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Houston superbug problem has been lurking for years, say researchers

Stanford students take on dangerous superbugs

August 10, 2016 by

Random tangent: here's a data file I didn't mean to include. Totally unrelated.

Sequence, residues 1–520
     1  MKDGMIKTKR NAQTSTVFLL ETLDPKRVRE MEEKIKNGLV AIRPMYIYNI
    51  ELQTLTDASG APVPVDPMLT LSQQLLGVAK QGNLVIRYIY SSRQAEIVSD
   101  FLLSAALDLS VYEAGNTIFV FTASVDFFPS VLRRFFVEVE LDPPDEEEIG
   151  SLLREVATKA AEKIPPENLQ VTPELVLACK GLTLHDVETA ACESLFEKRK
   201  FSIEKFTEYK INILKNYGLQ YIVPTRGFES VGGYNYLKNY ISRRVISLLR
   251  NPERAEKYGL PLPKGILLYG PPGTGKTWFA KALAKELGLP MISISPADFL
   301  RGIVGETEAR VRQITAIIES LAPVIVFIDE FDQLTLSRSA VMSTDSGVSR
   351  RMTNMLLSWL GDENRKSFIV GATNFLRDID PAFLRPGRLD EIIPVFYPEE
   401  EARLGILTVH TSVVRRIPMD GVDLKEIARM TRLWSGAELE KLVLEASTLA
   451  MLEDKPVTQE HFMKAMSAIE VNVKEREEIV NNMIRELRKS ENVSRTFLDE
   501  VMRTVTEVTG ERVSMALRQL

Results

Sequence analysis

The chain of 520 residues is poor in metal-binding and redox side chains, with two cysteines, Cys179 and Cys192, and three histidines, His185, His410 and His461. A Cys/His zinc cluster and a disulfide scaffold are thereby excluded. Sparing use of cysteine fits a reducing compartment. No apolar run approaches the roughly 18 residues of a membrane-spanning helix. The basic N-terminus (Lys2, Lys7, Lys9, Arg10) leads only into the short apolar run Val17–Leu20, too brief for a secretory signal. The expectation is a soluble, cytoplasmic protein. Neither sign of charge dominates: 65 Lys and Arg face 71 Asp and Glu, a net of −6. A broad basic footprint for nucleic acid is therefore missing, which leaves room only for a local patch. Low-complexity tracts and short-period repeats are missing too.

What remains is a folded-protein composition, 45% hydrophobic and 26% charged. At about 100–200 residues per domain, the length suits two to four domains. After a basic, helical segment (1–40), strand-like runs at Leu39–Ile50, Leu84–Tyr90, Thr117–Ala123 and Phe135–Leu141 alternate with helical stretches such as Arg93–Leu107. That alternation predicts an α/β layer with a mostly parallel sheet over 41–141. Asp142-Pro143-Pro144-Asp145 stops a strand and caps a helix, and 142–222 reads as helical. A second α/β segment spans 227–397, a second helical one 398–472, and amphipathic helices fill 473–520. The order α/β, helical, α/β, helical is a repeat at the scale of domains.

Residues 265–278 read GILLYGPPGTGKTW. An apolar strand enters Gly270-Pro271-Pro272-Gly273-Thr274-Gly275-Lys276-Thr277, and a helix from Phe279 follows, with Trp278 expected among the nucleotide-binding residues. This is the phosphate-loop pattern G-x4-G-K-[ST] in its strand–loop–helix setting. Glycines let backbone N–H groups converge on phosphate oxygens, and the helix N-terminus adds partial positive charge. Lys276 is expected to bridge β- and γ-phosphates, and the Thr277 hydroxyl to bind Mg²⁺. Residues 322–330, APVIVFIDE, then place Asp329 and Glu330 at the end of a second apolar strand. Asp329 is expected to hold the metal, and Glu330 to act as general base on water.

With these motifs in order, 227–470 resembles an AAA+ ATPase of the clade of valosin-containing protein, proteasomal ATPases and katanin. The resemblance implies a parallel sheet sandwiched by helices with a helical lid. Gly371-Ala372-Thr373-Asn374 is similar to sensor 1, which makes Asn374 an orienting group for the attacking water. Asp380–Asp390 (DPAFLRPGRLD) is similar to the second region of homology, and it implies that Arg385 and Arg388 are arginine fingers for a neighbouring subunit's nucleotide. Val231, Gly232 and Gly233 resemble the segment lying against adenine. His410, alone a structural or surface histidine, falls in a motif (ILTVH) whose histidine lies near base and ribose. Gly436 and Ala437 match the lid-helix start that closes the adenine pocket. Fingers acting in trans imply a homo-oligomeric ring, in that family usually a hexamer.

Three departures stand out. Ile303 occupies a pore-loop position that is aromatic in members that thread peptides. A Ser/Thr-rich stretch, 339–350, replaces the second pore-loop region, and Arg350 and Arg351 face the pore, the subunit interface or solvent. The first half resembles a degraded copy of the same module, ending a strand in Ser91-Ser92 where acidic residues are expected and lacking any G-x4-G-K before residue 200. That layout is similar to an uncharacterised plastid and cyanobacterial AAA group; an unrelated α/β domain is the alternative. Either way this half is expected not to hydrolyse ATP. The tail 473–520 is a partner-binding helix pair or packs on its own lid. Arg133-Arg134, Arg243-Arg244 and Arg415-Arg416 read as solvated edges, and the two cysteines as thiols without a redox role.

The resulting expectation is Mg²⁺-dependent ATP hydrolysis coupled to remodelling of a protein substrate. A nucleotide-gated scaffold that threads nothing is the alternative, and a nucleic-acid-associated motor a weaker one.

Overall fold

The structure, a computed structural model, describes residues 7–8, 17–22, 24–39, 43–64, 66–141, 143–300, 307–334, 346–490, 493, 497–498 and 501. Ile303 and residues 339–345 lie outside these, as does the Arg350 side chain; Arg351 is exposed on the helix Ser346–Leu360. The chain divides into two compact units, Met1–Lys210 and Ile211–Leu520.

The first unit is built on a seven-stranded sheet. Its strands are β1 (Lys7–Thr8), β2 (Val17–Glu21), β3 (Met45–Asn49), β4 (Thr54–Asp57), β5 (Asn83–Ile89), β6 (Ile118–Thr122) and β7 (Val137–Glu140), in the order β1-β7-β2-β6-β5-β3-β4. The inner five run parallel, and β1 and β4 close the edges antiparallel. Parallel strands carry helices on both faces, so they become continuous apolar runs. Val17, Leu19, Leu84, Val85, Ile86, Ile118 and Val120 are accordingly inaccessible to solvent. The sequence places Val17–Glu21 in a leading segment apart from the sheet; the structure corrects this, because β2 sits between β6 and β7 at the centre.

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Antibiotic-resistant bacteria, or “ superbugs ,” are one of the biggest challenges of the medical community. They are popping up at faster rates as antibiotic use increases, causing serious alarm among professionals familiar with their power. A few undergraduate students from Stanford University believe they may be on to a revolutionary idea that could kill off some of the most dangerous superbugs out there. Last fall, students Zach Rosenthal, Christian Choe and Maria Filsinger Interrante entered a Stanford University competition to provide solutions for major healthcare problems. Their idea of developing a set of proteins to annihilate antibiotic-resistant bacteria won them a $10,000 grant to test their hypotheses. “As soon as I started to read literature about multidrug-resistant bacteria, I decided it was a huge need area and interestingly neglected by the pharmaceutical industry,” said now-graduated Filsinger Interrante. She says that a smaller market size, lower profitability, and seeming inevitability of drug resistance lowers manufacturers’ enthusiasm about producing new antibiotics . Related: Dangerous antibiotic-resistant bacteria found in food products for the first time The specifics of their project are being kept secret, yet Rosenthal explains the mechanism of their attack, “We target something that’s essential to bacterial survival.” Preliminary reports of their tests are successful and the team hopes to continue working toward finding the Achilles heel for Pseudomonas aeruginosa and Acinetobacter baumannii , two of the most drug-resistant and fatal superbugs existing today. Via NPR , Stanford News Images via Pexels, Stanford University